James L. Gulley, MD, PhD, on Prostate Cancer: Expanding Immunotherapy Options
2018 ASCO-SITC Clinical Immuno-Oncology Symposium
James L. Gulley, MD, PhD, of the National Cancer Institute, discusses combined treatment approaches showing early evidence of clinical activity: agents such as vaccines or PARP inhibitors that can initiate an immune response, paired with agents such as checkpoint inhibitors that can facilitate the activity of tumor-directed immune cells.
Aaron Goodman, MD, of the University of California, San Diego School of Medicine, discusses an analysis of more than 100,000 patients with cancer for CD274 (PD-L1) amplification and the implications for treatment with immune checkpoint blockade (Abstract 47).
Ann W. Silk, MD, of the Rutgers Cancer Institute of New Jersey, and Katy K. Tsai, MD, of the University of California, San Francisco, who are Co-Chairs of the Clinical Immuno-Oncology Symposium, discuss highlights of the meeting and progress in the field.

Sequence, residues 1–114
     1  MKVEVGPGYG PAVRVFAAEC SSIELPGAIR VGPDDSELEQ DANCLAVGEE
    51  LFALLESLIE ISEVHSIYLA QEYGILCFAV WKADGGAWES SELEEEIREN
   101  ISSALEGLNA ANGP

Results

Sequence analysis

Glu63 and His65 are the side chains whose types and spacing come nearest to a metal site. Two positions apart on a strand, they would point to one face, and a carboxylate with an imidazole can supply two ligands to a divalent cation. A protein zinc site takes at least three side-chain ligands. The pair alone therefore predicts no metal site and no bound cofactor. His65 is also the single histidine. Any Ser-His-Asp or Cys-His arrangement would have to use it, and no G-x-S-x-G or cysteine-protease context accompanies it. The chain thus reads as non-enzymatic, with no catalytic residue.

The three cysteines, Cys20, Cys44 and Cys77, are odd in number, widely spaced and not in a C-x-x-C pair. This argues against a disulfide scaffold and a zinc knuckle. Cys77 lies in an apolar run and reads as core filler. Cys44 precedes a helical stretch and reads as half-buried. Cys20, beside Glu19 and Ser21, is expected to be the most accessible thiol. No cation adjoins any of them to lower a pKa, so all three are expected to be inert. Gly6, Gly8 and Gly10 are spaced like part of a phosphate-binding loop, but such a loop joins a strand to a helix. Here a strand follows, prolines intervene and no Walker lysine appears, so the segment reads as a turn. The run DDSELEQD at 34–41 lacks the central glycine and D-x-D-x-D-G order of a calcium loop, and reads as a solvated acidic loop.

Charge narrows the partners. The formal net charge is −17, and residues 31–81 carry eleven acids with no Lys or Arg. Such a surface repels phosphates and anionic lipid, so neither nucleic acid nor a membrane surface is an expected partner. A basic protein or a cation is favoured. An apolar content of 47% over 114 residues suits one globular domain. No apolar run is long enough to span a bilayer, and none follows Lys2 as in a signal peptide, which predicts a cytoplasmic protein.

Roy S. Herbst, MD, PhD, of the Yale School of Medicine, summarizes a session that included discussion of the mechanisms of immunotherapies, biomarkers for activity of these agents, overcoming resistance, and using treatment combinations.
Stephen M. Ansell, MD, PhD, of the Mayo Clinic, discusses integrating immune checkpoint inhibitors, improving efficacy, and reducing toxicity when treating blood cancers.
Kristen Fousek, PhD Candidate at Baylor College of Medicine, discusses her preclinical work on targeting CD19-negative relapsed B-cell acute lymphoblastic leukemia, using CAR T cells that target three antigens simultaneously, a technique that addresses the growing problem of relapse (Abstract 121).